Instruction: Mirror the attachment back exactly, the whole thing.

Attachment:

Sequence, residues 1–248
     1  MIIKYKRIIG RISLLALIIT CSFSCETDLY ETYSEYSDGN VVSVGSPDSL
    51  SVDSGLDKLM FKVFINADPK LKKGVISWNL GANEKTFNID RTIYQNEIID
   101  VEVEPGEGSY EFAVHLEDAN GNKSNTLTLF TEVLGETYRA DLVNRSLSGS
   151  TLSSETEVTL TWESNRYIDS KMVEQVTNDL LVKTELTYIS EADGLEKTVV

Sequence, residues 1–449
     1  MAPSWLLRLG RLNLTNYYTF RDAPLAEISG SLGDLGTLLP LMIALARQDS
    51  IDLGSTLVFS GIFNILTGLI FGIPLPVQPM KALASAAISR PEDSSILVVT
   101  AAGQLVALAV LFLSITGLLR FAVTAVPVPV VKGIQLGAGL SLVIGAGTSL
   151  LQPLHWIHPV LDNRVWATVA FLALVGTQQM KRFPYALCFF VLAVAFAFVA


Sequence, residues 1–248
     1  MIIKYKRIIG RISLLALIIT CSFSCETDLY ETYSEYSDGN VVSVGSPDSL
    51  SVDSGLDKLM FKVFINADPK LKKGVISWNL GANEKTFNID RTIYQNEIID
   101  VEVEPGEGSY EFAVHLEDAN GNKSNTLTLF TEVLGETYRA DLVNRSLSGS
   151  TLSSETEVTL TWESNRYIDS KMVEQVTNDL LVKTELTYIS EADGLEKTVV

Sequence, residues 1–449
     1  MAPSWLLRLG RLNLTNYYTF RDAPLAEISG SLGDLGTLLP LMIALARQDS
    51  IDLGSTLVFS GIFNILTGLI FGIPLPVQPM KALASAAISR PEDSSILVVT
   101  AAGQLVALAV LFLSITGLLR FAVTAVPVPV VKGIQLGAGL SLVIGAGTSL
   151  LQPLHWIHPV LDNRVWATVA FLALVGTQQM KRFPYALCFF VLAVAFAFVA